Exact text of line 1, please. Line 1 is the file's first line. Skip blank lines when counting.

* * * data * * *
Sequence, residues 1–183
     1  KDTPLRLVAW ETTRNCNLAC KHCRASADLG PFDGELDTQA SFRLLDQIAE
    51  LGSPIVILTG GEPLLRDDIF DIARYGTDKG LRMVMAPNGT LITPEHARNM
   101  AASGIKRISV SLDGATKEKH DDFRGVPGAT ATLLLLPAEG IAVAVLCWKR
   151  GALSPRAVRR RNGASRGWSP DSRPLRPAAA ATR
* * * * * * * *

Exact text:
Sequence, residues 1–183